6. Rnfiis K., b. March 8, 1819, m. ElutheraD. TTebster, a gi-eat-
granddaughter of Col. John Webster. He lives in Bilerica, and
and carries on the tool business in Boston.

7. Hazen R., b. March 27, 1821, m. Rebecca P. Dickey; can-ies
on the tool business at Derry Village.

As the Underhill family have been not only locally but widely
celebrated as edge-tool makers, and as Chester has been to a con-
siderable extent the seat of their operations, I give here some ac-
count of the rise and progress of the business.

Lt. Josiah Underhill served a very short apprenticeship) at the
blacksmith trade with E. Fitts. TThen he first commenced busi-
ness he did not dare undertake to weld a collar on to the bearino- of
a grindstone crank, but upset the end, and the crank is yet in use.



Jesse J. once told me that Nathaniel Hall had an ax in which
the smith did not succeed in welding in the steel, and he riveted
it, and Mr. Hall had to carry a hammer to tig-hten the rivet. He
did )iot tell me who the smith was, hut one of his children told
me that it was his father. Mr. Underhill, however, became a
workman, and drove a thriving business at all branches, includ-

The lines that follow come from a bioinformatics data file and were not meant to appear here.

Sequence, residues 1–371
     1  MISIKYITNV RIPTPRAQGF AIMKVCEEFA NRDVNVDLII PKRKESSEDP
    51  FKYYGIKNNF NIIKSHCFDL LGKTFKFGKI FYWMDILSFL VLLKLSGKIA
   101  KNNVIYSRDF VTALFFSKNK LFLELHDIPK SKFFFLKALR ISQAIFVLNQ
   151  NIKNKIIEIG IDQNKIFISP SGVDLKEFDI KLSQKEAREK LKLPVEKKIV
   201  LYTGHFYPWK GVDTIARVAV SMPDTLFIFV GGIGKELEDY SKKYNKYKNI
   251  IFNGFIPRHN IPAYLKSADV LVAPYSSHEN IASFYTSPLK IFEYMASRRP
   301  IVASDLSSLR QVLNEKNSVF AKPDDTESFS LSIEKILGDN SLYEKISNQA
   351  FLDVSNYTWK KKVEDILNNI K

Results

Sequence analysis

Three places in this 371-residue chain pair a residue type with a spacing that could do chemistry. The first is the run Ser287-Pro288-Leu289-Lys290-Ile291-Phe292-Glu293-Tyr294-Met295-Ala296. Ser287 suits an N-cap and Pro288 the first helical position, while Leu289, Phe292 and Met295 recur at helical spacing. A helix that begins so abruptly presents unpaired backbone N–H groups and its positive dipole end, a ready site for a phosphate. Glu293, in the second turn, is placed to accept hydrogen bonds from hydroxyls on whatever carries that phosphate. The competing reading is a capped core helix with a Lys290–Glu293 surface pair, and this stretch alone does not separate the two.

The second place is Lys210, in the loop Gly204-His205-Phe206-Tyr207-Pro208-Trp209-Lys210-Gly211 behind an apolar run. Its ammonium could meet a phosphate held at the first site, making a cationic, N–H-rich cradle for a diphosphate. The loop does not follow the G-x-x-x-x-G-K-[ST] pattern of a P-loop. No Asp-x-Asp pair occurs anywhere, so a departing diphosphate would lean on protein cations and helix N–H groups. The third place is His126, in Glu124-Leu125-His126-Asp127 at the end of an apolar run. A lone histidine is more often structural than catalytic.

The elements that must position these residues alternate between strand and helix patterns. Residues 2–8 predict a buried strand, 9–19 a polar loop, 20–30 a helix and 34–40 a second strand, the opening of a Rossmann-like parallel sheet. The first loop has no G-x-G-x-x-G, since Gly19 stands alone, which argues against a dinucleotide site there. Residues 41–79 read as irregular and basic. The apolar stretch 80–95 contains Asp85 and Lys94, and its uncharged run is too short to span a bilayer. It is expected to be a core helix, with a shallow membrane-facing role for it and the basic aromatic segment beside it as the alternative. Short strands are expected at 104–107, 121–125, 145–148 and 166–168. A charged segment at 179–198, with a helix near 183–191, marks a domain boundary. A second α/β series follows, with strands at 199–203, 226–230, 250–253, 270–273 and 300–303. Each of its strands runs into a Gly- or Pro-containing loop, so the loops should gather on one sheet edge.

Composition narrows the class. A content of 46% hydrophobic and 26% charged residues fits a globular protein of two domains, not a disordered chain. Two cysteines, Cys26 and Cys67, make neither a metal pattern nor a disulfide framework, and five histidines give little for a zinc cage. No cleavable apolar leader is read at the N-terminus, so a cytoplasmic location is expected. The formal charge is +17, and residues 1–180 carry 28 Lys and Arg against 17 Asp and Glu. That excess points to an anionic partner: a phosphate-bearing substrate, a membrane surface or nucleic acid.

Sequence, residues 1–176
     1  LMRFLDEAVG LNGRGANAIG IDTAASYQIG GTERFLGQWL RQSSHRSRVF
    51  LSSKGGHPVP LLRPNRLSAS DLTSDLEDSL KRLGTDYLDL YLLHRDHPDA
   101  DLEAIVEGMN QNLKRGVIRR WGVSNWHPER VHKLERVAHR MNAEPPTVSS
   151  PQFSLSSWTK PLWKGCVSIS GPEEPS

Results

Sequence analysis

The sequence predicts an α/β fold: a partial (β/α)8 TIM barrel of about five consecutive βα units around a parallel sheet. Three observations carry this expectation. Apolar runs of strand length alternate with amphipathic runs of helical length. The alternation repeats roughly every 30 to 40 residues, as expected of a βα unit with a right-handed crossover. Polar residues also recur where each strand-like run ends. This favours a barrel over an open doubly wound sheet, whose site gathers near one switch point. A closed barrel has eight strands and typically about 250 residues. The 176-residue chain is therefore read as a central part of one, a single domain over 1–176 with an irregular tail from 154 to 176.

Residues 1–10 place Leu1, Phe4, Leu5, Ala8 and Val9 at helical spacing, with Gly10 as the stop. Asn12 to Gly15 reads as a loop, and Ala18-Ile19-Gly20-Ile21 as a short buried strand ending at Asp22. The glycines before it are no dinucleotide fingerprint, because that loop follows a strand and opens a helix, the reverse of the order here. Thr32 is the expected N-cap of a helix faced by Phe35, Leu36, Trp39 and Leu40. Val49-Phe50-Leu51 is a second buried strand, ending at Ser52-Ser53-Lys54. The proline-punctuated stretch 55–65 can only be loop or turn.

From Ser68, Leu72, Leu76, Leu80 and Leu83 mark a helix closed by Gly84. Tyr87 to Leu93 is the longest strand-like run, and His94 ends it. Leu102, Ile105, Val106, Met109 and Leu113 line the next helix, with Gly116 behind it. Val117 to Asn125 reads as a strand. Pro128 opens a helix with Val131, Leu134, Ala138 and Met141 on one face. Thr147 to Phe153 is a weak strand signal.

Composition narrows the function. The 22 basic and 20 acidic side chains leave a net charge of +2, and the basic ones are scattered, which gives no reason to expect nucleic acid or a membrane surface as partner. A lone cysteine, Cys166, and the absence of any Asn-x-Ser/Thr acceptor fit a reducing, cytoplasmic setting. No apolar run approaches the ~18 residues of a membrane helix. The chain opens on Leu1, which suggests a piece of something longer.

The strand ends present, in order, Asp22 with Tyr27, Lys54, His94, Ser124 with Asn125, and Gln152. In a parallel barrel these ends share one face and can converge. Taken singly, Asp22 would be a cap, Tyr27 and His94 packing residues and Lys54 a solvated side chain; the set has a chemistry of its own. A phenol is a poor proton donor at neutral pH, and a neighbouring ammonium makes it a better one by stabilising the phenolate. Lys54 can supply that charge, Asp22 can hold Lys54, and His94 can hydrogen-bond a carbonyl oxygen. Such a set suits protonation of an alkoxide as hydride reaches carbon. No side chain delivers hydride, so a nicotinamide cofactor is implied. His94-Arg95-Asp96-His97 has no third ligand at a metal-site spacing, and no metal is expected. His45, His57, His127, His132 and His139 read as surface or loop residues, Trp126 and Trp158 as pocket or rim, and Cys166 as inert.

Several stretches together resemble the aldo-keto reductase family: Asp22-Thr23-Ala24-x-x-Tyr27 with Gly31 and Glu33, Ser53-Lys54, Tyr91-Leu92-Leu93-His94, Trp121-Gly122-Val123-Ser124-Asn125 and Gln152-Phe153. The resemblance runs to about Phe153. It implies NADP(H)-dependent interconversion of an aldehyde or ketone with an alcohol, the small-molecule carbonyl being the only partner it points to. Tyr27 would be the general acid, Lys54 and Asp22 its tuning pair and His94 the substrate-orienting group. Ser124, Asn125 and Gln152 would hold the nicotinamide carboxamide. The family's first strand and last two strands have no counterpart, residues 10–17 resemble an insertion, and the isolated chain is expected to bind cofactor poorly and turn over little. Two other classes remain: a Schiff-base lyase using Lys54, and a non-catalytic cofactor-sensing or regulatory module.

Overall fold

ing scythes, axes, hoes, &c., as his account book shows.

The earliest specimen of a narrow or chopping
ax that I have seen, was apparently made of iron,
two to two and a half inches wide, and half an
inch thick, with no head or poll more than the
thickness of the iron. The eye was plated so as to
have ears jiroject inside on the handle, and the ax
would be about nine inches loug. They would
then have a straight handle nearly three feet long.
Gordon Bean, of Candia, has two which he found
on his farm, one apparently considerably worn,
about nine inches long, the other apparently new,
and longer.

The first whom I knew to make a business of
edge-tools was Ingalls of Dunstable, at the Harbor,
I suppose, near where the shop of the Underhill
Company now is.

Online LibraryBenjamin ChaseHistory of old Chester [N. H.] from 1719 to 1869 → online text (page 51 of 60)